You are correct for the most part, but what you have here is essentially two switches that are working in inverted states.

If you drive the base of the transistor then you will draw about 29mA collector current from V1 and force, assuming saturation, the collector to be about 200mV (Vce sat). Current would flow through the diode if the voltage at that node was sufficient to forward bias the PN junction of the device, but that is not the case. So, what happens here is that when the transistor is ON, the diode switch is reverse biased (off), and when the transistor is OFF, it provides a high-resistance path (an open) and current will flow through the two series resistances and drive the diode. simulate this circuit – Schematic created using CircuitLab

• Definitely suggest the pull-down base resistor as shown below in Peter's schematic. Jul 9, 2014 at 1:57
• Thanks for answering. When the transistor base has charge pushed through it, why is the voltage at the LED not sufficient to forward bias it? What is the threshold the voltage has to pass in order to forward bias, say, a red LED, and why can the voltage not pass that threshold only when the transistor has charge flowing through it? Jul 9, 2014 at 11:18
• @JoshBeam, That may be fit for an entirely new question. For information as to why the LED needs certain biasing conditions to conduct see here and the section just below it as well. Perhaps for a bit on insight as to why the collector voltage (which is driving your LED in this case) drops, see here. So, in short, the construction of the diode requires an E field to be applied across the device such that the inherent field is negated thereby allowing current flow. Jul 9, 2014 at 12:39
• .. This negation closes what is known as the depletion region between the P and N doped regions. When the diode is reverse biased, this region acts like a very high resistance, and when forward biased the region has some on-state resistance (perhaps a few ohms). In the case of your schematic, if the transistor saturates and Vce(sat) = 200mV, then you are not allowing sufficient biasing voltage for the LED and consequentially it does not conduct (i.e. depletion region is open and as such the path is very high resistance). Jul 9, 2014 at 12:42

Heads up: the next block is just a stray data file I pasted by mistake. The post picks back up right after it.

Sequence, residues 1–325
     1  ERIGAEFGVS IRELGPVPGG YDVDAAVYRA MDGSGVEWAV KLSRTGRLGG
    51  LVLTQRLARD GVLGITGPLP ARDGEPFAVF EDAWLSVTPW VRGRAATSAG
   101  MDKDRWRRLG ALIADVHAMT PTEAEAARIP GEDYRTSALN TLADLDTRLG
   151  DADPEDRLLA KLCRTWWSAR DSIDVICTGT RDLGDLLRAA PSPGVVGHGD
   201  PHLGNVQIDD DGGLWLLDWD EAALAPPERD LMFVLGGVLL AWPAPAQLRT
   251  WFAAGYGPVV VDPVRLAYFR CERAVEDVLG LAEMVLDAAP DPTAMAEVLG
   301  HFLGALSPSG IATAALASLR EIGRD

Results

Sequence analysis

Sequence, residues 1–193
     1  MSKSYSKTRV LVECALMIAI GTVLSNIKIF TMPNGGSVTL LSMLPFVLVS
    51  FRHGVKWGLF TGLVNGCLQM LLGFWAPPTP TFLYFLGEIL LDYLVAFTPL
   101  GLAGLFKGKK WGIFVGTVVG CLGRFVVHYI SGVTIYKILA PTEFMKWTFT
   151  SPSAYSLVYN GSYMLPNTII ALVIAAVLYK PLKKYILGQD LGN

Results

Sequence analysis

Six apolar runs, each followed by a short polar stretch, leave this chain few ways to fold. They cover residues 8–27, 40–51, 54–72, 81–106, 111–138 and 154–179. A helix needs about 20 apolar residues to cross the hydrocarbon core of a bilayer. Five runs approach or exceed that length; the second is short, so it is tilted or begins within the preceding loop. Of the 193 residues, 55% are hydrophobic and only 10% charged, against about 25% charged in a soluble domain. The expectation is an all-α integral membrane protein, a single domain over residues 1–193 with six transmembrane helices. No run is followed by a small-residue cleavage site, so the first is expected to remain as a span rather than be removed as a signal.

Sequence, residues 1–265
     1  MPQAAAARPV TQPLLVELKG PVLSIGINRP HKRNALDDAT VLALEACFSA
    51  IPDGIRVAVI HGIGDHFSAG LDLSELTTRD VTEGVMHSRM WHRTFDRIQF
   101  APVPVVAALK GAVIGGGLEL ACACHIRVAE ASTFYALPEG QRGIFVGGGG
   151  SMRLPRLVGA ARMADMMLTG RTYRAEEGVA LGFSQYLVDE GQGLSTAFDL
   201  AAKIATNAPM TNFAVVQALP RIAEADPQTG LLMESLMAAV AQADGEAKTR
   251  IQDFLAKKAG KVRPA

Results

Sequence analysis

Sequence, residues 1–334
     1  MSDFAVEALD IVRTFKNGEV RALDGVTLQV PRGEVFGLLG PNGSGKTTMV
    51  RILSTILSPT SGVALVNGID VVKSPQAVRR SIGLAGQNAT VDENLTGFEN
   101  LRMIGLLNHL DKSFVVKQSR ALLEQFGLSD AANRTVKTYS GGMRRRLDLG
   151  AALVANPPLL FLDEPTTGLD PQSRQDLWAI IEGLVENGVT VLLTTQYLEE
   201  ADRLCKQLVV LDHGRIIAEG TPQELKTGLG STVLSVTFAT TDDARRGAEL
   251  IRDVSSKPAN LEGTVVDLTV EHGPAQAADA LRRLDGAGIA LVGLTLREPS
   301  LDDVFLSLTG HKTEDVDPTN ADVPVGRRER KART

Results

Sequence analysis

• thanks. I think what I'm not understanding is, why does the saturation level of the transistor have anything whatsoever to do with enough voltage going to the LED (thus, disallowing a forward bias in the LED)? Jul 9, 2014 at 13:12

It's simple, really. When the transistor conducts, the current has to choose between going through the collector of Q1 to the emitter and then ground, or going through R2 and D1. The diode only allows current to flow when biased, which in practice (for the range of currents in which the LED is simultaneously visible yet not damaged) means a constant voltage drop in the LED, perhaps 1.5V to 2.5V depending on LED color and other properties. There's also an IR voltage drop in R2; say you must apply at least 1 mA for the LED to be visible, then you're looking at a 0.3 V voltage drop in R2 ($300 \Omega \times 1 \textrm{mA}$).

So, unless you apply somewhere between 1.8 V and 2.8 V in the branch of the circuit containing the LED, it'll basically look like an open circuit (very high resistance). Now the transistor conducts current much more easily, clamping the voltage at a Vce(sat) = 200 mV as mentioned by the other answer. At that voltage, the LED is not biased at all, so it does look like an open circuit, while the transistor looks almost like a perfect short circuit (save for the voltage drop of 200 mV). So indeed the current chooses the past of least resistance, which is the transistor in this case.

When the transistor is not conducting, then no amount of voltage applied to the collector will allow current to pass. On the other hand, when applying 1.8 to 2.8 V to the branch containing the LED, it will bias the LED and let current through. So again the path of least resistance is being chosen: the resistance through a transistor with no current flowing into the base is effectively infinite.